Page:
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Donald Trump’s humiliation of Mike Pence has made tonight’s VP debate very strange

What would a Mike Pence win in the debate mean? That Republicans should be filled with regret?

GOP Presidential Candidate Donald Trump Campaigns In Des Moines, Iowa Photo by Steve Pope/Getty Images

I have never been quite so confused as to how to interpret a vice presidential debate. Let’s say Mike Pence shows up and crushes Tim Kaine. Unambiguously. Totally.

Then what? What are we supposed to think about that?

The message of recent VP picks is “this guy is going to influence me.” The appeal of having Paul Ryan roaming Mitt Romney’s White House was that he would push Romney toward a more stringent economic conservatism. The idea behind putting Joe Biden next to Barack Obama was that the Scranton native would be a voice for the middle class and a fount of wisdom about world affairs and Senate procedure. The reason conservatives were comforted to see Dick Cheney stand with George W. Bush was that the seasoned elder conservative would help guide his inexperienced partner’s administration.

But no one believes Mike Pence has Donald Trump’s ear. If Trump were listening to Pence, he wouldn’t have done any of the things he did over the past week. If Trump had added Pence to the ticket as part of a pivot toward a more Pence-style doctrinaire conservatism, then he would have made that pivot months ago.

Trump isn’t even using Pence as a prime surrogate: He’s sending out sycophants like Rudy Giuliani and Newt Gingrich — the guys who have his back and will deliver even his strangest self-justifications with a smile.

Pence’s purpose on the ticket is as Trump’s ambassador to the Republican Party. It’s Pence who keeps GOP heavyweights like Paul Ryan and Mitch McConnell hopeful that a Trump win might lead to a conservative presidency. But Pence’s role in the Trump campaign is that of a salesman, not a strategist or close adviser — no one believes Trump is relying on the genial, generic Midwestern conservative for guidance.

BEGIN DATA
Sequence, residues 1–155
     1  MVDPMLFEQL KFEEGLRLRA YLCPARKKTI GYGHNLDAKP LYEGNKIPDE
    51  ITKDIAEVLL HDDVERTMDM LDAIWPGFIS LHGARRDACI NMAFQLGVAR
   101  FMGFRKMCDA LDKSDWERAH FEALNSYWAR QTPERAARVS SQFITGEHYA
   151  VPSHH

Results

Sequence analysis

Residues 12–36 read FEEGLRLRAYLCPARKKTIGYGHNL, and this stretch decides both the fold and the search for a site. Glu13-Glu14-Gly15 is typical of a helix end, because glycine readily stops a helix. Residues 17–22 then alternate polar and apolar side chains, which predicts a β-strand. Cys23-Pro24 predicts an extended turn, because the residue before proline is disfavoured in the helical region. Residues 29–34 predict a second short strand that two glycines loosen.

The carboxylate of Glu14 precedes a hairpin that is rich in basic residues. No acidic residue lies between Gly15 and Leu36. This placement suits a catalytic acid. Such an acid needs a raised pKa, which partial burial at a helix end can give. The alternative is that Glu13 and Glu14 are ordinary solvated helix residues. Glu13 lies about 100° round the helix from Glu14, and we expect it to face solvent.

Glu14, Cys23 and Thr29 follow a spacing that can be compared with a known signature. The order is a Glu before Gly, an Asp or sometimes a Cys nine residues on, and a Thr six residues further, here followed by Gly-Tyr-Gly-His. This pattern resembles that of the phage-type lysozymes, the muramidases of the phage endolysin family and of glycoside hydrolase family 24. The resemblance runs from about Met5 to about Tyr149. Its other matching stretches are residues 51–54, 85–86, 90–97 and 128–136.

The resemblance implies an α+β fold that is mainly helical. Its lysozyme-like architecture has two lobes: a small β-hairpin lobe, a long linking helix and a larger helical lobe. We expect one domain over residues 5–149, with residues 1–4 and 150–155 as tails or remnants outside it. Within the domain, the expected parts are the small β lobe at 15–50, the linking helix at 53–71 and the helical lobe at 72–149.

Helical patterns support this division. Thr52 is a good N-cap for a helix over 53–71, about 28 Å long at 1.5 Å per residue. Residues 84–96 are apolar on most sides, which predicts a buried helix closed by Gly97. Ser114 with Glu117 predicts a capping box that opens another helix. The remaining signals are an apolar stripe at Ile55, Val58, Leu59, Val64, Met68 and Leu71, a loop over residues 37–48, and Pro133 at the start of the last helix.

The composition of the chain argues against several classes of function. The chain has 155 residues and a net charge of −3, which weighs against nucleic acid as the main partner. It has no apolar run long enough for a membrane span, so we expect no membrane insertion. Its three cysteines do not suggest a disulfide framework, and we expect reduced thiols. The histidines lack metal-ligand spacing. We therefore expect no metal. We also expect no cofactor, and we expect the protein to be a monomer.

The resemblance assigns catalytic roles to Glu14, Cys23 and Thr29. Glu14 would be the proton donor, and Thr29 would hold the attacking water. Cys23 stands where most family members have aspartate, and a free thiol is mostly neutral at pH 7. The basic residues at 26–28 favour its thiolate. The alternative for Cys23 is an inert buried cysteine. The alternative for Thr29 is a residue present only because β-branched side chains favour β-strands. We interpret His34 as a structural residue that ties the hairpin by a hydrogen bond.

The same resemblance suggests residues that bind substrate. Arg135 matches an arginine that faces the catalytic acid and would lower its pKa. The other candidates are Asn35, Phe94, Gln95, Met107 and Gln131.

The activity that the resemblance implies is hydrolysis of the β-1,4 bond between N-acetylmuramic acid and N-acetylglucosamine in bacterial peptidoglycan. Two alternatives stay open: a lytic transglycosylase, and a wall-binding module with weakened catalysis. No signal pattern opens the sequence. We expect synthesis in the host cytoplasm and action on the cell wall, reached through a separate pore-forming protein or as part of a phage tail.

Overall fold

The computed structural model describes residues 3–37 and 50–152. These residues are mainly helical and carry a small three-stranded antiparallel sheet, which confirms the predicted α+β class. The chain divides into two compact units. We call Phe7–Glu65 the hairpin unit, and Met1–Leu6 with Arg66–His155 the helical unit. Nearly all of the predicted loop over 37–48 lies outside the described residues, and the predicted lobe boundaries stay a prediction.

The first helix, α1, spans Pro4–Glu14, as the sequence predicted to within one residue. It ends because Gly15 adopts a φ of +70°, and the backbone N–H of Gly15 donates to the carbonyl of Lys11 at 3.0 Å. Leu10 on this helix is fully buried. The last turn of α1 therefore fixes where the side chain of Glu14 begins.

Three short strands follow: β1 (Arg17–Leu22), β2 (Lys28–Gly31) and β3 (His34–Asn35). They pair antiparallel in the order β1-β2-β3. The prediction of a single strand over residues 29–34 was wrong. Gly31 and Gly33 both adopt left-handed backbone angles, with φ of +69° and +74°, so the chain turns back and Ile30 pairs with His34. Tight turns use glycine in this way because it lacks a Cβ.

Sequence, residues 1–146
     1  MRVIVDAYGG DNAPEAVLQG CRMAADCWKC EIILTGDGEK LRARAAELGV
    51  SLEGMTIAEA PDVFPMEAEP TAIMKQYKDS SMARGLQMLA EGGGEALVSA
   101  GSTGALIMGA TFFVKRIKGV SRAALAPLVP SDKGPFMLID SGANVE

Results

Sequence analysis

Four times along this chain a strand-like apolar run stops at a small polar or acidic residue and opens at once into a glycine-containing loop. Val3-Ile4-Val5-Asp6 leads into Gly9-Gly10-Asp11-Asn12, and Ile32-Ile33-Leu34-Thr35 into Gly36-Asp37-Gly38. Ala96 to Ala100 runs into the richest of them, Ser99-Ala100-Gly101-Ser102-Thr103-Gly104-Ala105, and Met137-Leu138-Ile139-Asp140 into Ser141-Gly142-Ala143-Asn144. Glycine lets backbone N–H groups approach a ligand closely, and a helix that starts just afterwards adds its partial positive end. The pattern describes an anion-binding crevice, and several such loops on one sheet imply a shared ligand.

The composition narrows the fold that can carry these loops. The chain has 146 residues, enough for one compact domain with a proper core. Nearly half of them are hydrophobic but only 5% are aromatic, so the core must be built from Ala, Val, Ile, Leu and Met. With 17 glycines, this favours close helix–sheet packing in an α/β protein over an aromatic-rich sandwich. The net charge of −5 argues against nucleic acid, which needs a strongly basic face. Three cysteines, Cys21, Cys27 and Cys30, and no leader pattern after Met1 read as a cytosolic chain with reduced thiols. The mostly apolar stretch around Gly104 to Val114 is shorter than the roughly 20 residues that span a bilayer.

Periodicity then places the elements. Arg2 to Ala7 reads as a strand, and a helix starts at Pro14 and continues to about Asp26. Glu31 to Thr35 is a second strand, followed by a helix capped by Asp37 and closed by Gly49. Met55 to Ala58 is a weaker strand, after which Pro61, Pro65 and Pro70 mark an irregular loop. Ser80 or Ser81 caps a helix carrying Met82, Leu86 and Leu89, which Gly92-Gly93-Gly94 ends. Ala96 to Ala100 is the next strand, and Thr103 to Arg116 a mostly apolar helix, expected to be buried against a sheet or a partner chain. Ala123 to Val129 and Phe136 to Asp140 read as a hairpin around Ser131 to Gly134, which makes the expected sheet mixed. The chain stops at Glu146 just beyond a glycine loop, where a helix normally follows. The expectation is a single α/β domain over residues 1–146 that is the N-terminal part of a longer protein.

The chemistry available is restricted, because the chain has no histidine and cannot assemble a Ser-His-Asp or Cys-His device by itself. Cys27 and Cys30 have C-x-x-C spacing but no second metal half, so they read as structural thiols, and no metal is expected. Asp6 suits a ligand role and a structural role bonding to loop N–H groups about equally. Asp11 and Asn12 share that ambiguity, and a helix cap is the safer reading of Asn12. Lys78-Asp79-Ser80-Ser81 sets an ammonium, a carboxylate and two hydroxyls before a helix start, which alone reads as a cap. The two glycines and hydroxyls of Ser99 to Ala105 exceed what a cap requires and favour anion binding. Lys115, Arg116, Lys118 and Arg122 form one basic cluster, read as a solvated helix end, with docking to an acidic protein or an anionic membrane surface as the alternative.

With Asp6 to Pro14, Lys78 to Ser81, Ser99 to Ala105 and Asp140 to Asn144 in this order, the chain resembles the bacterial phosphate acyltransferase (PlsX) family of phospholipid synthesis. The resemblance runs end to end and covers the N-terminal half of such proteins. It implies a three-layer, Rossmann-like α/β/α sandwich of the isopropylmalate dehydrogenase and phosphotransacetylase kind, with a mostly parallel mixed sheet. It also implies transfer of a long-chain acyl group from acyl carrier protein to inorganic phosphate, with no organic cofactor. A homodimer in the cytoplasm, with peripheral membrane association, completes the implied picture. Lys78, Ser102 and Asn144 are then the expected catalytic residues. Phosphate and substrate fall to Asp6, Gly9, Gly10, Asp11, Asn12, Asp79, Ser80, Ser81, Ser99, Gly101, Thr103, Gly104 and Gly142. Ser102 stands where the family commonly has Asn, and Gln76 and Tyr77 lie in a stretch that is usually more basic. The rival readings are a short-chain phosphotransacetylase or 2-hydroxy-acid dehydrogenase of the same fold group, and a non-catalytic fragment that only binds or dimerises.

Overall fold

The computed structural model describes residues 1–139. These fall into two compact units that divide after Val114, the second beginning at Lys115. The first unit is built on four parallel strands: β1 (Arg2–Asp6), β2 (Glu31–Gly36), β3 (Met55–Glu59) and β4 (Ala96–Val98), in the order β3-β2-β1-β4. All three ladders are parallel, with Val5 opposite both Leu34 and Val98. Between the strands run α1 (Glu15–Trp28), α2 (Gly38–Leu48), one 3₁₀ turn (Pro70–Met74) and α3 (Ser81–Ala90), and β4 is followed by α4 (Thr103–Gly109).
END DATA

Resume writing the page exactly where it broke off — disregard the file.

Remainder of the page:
Trump himself has been at pains to signal his disinterest in Pence’s advice. When he introduced Pence as his running mate, he stood at a podium without Pence’s name on it, talked about himself for 28 minutes, and walked off the stage as soon as Pence walked onto it. Trump’s inability to let his running mate hold even a moment of spotlight to himself continues to this day. He’s promised, amazingly, to live-tweet tonight’s debate:

The message has long been clear: Pence may be useful to Trump, but he’s an employee, and not a particularly valued one at that.

Which brings us back to the debate. Let’s say Pence turns in a strong performance tonight. What is that supposed to prove? That Republicans had better, more popular options than Donald Trump, and should have nominated one of them? That a more generic Republican campaign would outperform Trump’s traveling circus? That there’s someone, somewhere, who could be a good influence on Trump, if only Trump would listen to him, which he won’t?

The debate will be interesting to watch on its own terms, and, with two presidential nominees who will be in their 70s, important because either of these men could end up as president unexpectedly. But in terms of the broader narrative of the election, Pence mostly serves as a visitor from a parallel universe, here to remind the Republican Party of the kind of candidate they could have nominated, but didn’t.


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